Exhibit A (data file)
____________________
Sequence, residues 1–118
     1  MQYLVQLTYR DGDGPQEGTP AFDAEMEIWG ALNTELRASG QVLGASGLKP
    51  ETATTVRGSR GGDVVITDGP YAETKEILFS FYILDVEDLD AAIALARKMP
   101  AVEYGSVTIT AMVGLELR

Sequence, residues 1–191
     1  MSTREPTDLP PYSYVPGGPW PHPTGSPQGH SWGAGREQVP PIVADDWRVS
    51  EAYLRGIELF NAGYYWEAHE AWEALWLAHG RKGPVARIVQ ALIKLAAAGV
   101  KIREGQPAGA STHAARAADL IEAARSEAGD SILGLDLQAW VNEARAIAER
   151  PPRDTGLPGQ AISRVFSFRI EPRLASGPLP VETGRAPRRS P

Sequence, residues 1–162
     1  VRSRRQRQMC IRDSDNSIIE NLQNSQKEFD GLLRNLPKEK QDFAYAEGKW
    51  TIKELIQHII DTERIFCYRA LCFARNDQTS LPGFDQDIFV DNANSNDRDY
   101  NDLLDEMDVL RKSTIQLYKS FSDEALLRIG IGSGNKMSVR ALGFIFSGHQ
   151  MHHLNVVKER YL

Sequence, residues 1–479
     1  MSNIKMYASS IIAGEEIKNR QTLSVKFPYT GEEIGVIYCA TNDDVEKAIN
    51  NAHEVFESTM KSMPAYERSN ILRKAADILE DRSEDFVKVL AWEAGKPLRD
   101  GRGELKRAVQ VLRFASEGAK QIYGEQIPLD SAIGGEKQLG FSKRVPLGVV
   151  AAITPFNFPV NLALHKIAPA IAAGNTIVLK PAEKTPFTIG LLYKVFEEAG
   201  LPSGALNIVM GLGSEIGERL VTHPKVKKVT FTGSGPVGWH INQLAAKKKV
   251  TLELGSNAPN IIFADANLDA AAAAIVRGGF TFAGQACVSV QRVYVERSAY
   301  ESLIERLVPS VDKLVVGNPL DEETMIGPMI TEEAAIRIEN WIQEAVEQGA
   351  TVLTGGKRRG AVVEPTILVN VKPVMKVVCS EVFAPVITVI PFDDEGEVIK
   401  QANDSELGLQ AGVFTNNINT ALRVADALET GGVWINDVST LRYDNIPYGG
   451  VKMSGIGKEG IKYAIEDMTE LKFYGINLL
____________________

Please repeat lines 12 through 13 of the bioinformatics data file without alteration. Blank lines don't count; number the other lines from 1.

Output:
    51  TIKELIQHII DTERIFCYRA LCFARNDQTS LPGFDQDIFV DNANSNDRDY
   101  NDLLDEMDVL RKSTIQLYKS FSDEALLRIG IGSGNKMSVR ALGFIFSGHQ